Young then collected and sorted data from vessel trip reports, which are forms collected by the National Oceanic and Atmospheric Administration (NOAA). Fishing boats are required to fill one out each time they return from the water, providing details about species caught, catch size, location, and more. By focusing specifically on trawling operations and by grouping boats together by landing port and size (defined as whether the vessel measured more or less than 65 feet in length), Young was able to anonymize and approximate the movement of similar fishing communities over time.
What Young found was that, on average, big boats moved approximately 2.5 miles northward every year, with nearly one third of them moving 3.1 miles or more annually. The most dramatic movements were observed by communities lower on the Atlantic seaboard, such as Beaufort, North Carolina which moved approximately 270 miles north during the period studied. Fishing communities located in the Northeast saw smaller changes over time. Both big and small boats in Portland, Maine, for example, shifted only about 0.4 miles north between 1996 and 2014.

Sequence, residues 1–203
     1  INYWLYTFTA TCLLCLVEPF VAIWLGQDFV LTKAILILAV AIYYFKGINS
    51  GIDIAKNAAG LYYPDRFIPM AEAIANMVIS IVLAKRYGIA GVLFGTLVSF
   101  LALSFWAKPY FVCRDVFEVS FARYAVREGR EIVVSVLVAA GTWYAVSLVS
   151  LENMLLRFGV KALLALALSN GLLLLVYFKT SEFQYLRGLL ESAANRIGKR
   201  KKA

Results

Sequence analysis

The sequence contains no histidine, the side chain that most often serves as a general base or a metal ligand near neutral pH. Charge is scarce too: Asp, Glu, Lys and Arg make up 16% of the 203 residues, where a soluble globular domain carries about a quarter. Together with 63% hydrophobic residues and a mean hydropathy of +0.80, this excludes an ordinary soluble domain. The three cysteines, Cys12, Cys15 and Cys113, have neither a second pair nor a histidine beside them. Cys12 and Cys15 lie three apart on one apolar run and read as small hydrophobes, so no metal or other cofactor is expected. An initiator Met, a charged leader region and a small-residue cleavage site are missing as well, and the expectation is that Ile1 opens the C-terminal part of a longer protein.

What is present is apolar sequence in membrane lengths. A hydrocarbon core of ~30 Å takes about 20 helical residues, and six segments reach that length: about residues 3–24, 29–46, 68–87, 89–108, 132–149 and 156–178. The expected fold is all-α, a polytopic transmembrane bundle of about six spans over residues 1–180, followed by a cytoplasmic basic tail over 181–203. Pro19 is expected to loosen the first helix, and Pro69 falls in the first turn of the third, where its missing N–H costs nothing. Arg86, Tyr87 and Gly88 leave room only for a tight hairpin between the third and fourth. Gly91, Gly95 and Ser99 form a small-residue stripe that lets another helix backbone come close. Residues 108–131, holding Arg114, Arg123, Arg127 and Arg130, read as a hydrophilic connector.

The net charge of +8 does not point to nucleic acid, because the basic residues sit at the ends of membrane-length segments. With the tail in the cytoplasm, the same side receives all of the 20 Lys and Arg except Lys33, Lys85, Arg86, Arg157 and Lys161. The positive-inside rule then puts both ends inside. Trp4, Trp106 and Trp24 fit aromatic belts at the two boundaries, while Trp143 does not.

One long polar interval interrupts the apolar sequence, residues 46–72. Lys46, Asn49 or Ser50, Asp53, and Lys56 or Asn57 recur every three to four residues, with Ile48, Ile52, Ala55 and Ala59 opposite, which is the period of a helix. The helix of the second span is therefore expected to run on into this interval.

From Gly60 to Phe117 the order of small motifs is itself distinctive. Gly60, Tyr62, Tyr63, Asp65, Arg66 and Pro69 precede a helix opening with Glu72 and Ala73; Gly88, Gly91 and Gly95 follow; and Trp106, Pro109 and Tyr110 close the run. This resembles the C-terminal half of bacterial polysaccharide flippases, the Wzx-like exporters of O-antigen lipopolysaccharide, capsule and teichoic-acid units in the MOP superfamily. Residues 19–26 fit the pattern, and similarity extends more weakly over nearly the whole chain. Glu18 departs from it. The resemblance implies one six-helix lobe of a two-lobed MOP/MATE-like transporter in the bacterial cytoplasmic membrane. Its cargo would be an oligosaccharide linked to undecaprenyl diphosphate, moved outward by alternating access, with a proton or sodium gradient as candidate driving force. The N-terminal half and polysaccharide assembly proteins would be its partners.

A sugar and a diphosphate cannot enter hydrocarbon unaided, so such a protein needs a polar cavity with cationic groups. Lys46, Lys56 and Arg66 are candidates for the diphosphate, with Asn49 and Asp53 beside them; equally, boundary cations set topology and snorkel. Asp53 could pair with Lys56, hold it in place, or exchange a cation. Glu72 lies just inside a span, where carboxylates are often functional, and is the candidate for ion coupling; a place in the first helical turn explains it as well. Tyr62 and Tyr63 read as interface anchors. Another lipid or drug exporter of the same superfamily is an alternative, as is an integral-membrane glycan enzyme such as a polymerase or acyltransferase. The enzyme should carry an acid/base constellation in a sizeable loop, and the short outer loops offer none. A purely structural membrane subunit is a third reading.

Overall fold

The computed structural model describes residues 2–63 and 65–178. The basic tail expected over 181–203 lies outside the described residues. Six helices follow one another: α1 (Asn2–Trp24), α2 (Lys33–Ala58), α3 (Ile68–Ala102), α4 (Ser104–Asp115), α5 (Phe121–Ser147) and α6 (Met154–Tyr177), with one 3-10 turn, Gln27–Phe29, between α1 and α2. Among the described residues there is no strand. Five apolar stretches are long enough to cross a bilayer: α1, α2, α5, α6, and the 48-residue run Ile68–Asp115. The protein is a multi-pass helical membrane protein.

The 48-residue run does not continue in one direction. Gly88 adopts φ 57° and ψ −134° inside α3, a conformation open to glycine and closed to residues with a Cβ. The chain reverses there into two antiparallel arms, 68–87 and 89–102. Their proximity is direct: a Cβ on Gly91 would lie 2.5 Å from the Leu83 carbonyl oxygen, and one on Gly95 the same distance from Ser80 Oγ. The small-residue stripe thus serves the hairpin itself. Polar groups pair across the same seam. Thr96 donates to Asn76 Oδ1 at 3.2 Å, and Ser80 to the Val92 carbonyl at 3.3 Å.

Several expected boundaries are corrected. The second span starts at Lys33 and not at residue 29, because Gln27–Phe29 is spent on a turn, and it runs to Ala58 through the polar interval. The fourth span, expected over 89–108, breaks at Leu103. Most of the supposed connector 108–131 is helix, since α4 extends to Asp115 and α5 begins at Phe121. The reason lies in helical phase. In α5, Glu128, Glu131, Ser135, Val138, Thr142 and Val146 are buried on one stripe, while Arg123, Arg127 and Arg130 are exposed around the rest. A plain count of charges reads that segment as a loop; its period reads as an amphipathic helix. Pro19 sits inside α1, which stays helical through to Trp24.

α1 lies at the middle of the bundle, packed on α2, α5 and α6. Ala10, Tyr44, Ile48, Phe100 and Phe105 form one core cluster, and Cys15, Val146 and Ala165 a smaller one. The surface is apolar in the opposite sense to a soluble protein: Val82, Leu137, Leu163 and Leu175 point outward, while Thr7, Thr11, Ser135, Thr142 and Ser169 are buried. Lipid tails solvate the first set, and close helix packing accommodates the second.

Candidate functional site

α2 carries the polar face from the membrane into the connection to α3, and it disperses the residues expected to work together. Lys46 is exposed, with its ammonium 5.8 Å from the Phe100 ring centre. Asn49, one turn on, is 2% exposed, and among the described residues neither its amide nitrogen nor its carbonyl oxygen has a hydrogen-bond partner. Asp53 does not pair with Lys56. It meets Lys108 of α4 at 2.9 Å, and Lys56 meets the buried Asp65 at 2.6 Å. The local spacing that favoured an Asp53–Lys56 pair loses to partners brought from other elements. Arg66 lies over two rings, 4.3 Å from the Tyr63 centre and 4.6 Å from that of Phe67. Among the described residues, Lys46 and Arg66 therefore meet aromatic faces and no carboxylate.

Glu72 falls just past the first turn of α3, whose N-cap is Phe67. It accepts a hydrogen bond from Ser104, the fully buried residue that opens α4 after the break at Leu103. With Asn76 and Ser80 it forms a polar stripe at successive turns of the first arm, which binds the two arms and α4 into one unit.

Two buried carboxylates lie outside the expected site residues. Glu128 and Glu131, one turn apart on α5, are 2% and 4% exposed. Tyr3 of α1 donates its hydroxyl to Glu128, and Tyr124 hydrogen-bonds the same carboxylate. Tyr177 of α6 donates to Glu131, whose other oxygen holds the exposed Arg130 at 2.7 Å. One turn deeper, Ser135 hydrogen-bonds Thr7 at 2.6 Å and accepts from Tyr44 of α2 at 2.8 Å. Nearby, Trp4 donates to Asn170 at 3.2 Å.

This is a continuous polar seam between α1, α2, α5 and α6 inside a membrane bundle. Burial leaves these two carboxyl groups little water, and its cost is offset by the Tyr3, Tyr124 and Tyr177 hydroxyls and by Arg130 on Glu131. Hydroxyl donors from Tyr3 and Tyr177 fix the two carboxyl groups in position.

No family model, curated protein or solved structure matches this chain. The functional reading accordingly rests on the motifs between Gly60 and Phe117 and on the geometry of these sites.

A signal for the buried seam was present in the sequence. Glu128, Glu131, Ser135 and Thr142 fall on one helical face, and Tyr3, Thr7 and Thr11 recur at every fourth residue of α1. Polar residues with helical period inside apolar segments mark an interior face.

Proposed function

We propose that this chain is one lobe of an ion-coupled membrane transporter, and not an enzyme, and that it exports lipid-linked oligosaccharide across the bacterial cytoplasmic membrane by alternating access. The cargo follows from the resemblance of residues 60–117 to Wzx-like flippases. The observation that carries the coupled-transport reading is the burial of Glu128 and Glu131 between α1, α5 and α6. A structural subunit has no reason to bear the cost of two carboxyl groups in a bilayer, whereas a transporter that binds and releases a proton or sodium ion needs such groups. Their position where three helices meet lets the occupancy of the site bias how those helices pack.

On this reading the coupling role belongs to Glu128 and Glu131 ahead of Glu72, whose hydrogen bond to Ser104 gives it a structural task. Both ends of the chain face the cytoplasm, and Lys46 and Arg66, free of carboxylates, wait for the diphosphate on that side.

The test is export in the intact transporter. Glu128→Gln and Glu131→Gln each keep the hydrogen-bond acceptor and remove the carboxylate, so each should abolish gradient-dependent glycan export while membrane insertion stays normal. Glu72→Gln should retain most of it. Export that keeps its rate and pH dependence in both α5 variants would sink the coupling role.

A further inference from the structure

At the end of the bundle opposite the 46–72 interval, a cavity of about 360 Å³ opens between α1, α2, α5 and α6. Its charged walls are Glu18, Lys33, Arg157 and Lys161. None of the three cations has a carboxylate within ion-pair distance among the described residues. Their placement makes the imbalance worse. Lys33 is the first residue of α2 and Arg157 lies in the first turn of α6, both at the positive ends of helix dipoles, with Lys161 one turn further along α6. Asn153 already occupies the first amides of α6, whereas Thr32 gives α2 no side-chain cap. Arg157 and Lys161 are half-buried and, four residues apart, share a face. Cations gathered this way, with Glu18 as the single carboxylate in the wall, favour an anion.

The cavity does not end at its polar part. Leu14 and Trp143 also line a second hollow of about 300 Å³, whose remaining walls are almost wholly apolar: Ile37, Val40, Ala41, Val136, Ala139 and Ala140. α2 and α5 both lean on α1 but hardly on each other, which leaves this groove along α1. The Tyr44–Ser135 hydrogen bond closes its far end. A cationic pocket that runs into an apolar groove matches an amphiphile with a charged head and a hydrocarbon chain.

While port location and vessel size played the most significant role in determining northward shifts, catch diversity also played a part, Young found.
“Southern trawl fleets of larger vessels with low catch diversity fished up to [250 miles] further north, while trawl fleets of smaller vessels with low catch diversity shrank or disappeared from the data set over time,” the study reads. “In contrast, trawl fleets (of both large and small vessels) with higher catch diversity neither changed fishing location dramatically or nor disappeared as often from the data set.”
This means that the more variety fishers caught, the less pressure they faced to move north. For Young, this checks out.
“Having a diverse portfolio species can offer harvesters—and in our case, fishing communities—some kind of resilience in the face of sort of the dynamic world of the ocean and also changing markets, changing prices, and changing regulations,” Young says.
The study is unprecedented insofar as it considers large-scale shifts in fishing operations over an extended period. That’s important because, on a week-to-week, month-to-month, and even year-to-year basis, constant and unpredictable movement can feel pretty normal for fishers.